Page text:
The issue of pain and discomfort during menstruation is something that affects a lot of women of different ages and races worldwide.
Pain and discomfort just before and/or during menstruation that is severe enough to interfere with normal daily activities is called dysmenorrhea, or premenstrual syndrome (PMS).
Basically, menstrual cramps are caused by contractions (tightening) in the uterus by a chemical called prostaglandin.
The uterus, where a baby grows, contracts throughout a woman’s menstrual cycle. During menstruation, the uterus contracts more strongly. If the uterus contracts too strongly, it can press against nearby blood vessels, cutting off the supply of oxygen to the muscle tissue of the uterus. Pain results when part of the muscle briefly loses its supply of oxygen.
Dysmenorrhea can be primary or secondary in nature;
Primary Dysmenorrhea is the common menstrual cramps that ar
e recurrent and are not due to other diseases. Pain usually begins 1 or 2 days before or when menstrual bleeding starts, and is felt in the lower abdomen, back, or thighs.
Pain can range from mild to severe, can typically last 12 to 72 hours, and can be accompanied by nausea-and-vomiting, fatigue, and even diarrhoea.
Common menstrual cramps usually become less painful as a woman ages and may stop entirely if the woman has a baby.
Pain from secondary dysmenorrhea usually begins earlier in the menstrual cycle and lasts longer than common menstrual cramps. The pain is not typically accompanied by nausea, vomiting, fatigue, or diarrhoea.
The main symptom of dysmenorrhea is pain. It occurs in your lower abdomen during menstruation and may also be felt in your hips, lower back, or thighs.
Other symptoms include nausea, vomiting, diarrhoea, abdominal bloating, breast tenderness, headache, lightheadedness, fatigue, sleep problems and mood swings.
Conditions that can cause severe symptoms or secondary dysmenorrhea include the following:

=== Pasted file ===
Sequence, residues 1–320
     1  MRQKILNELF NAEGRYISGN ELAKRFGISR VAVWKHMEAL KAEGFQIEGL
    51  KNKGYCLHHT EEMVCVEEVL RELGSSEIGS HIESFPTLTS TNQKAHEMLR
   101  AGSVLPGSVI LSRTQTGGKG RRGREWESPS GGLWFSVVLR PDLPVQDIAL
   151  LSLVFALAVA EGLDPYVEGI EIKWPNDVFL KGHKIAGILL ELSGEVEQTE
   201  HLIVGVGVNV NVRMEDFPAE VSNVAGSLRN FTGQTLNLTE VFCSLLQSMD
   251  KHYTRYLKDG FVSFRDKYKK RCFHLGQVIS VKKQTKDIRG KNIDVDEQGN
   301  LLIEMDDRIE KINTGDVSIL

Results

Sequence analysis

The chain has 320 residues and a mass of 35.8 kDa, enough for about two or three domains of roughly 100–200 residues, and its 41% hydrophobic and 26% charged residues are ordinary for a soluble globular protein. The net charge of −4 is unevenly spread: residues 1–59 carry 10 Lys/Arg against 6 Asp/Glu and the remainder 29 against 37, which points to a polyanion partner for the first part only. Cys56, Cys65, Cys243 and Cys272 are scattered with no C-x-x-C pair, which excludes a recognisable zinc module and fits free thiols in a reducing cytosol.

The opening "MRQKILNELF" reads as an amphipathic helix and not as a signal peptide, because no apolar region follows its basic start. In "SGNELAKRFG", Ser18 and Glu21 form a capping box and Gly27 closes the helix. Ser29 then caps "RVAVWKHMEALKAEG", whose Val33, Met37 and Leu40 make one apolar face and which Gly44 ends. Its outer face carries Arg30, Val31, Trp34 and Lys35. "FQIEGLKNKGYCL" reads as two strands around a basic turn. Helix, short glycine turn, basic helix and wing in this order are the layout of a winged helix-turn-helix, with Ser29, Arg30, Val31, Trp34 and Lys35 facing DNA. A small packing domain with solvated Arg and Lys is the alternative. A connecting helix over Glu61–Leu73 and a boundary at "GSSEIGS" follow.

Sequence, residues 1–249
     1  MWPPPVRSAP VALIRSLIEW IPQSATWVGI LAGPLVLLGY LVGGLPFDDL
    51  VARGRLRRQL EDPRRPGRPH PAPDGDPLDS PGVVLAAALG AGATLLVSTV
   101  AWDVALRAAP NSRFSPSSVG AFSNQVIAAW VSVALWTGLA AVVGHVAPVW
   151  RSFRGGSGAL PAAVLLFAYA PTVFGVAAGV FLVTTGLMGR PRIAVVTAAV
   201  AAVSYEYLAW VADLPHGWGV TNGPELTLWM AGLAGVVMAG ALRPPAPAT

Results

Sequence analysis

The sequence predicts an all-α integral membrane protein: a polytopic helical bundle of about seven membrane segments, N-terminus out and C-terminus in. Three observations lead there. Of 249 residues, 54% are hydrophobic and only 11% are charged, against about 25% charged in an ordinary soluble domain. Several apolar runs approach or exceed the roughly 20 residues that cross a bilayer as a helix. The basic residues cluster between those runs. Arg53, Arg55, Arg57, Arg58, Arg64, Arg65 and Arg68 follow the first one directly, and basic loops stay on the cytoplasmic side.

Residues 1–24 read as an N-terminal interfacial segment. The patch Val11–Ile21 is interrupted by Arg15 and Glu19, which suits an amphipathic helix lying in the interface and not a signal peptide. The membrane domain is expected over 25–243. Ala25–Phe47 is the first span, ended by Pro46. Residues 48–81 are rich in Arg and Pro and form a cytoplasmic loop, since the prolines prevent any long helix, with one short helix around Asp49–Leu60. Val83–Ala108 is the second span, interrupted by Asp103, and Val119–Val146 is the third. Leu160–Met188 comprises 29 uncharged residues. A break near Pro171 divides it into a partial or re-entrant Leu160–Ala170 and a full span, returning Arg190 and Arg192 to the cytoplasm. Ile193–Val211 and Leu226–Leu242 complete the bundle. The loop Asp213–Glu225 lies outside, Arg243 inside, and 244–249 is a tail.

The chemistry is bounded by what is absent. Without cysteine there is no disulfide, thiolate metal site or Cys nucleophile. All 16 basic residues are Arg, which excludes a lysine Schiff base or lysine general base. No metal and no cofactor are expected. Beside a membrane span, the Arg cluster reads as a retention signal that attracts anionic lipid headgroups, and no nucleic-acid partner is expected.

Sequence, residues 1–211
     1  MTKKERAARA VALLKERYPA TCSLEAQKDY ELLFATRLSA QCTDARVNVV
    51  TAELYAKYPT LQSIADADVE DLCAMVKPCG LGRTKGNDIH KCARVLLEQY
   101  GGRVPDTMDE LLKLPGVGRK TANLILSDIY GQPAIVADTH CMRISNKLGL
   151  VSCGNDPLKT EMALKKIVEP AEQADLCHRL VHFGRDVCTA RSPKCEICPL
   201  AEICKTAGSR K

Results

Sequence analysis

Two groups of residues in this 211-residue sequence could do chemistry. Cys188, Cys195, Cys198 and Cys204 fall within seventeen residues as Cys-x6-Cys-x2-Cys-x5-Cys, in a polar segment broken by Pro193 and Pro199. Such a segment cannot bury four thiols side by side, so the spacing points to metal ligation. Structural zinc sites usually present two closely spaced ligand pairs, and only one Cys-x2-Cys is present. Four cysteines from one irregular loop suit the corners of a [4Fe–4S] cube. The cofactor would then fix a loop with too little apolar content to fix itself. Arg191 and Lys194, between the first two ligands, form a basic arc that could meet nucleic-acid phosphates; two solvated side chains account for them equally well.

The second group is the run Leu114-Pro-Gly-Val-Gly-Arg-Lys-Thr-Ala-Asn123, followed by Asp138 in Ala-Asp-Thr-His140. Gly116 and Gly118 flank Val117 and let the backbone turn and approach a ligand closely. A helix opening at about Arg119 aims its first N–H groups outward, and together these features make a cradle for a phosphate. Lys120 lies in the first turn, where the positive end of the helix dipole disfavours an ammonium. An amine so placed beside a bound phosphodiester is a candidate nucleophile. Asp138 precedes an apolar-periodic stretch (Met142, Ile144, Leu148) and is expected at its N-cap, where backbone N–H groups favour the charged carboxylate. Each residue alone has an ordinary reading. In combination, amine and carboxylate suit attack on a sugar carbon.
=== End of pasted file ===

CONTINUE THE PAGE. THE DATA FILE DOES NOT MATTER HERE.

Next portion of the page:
- Certain sexually transmitted diseases (STDs)
- Endometriosis (disorder that affects the lining of the uterus)
- Extreme stress and anxiety
- Ovarian cysts
- Pelvic inflammatory disease (PID; infection in the reproductive system)
- Use of an IUD (intrauterine device) as a form of contraception
- Uterine fibroids (non-cancerous tumours of the uterus)
If premenstrual pain and discomfort are not severe, self-care techniques (e.g., over-the-counter pain relievers, exercise, heating pads) may provide relief.
However, if self-care measures are not effective or the pain is severe, women should contact a health care provider.
Depending on the symptoms, physicians may recommend other medications, such as prescription pain relievers, anti-inflammatories, antibiotics, or antidepressants.
Over-the-counter pain relievers, such as ibuprofen (Advil, Motrin IB, others), at regular doses starting the day before you expect your period to begin can help control the pain of cramps.
Prescription non-steroidal anti-inflammatory drugs also are available for use.
To relieve mild menstrual cramps:
- Place a heating pad or hot water bottle on your lower back or abdomen.
- Rest when needed.
- Avoid foods that contain caffeine.
- Avoid smoking
- Avoid alcohol
- Massage your lower back and abdomen.
- exercise regularly.
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Stay healthy and never give up!
Plan B Wellness